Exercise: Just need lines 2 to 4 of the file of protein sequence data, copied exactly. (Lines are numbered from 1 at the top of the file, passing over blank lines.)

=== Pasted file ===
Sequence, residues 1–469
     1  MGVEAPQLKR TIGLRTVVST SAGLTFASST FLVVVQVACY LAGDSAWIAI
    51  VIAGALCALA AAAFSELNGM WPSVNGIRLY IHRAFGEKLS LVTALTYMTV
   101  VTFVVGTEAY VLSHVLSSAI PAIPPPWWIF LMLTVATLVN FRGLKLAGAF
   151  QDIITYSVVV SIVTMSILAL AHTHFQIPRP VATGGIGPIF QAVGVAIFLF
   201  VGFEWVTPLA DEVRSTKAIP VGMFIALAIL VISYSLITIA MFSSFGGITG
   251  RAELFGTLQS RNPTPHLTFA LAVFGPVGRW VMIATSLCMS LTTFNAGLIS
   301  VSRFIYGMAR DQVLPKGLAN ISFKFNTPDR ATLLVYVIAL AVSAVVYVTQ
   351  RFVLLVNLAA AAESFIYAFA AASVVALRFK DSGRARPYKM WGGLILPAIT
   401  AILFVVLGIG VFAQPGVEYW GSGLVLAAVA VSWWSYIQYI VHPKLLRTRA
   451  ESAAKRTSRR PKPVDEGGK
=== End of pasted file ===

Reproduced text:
     1  MGVEAPQLKR TIGLRTVVST SAGLTFASST FLVVVQVACY LAGDSAWIAI
    51  VIAGALCALA AAAFSELNGM WPSVNGIRLY IHRAFGEKLS LVTALTYMTV
   101  VTFVVGTEAY VLSHVLSSAI PAIPPPWWIF LMLTVATLVN FRGLKLAGAF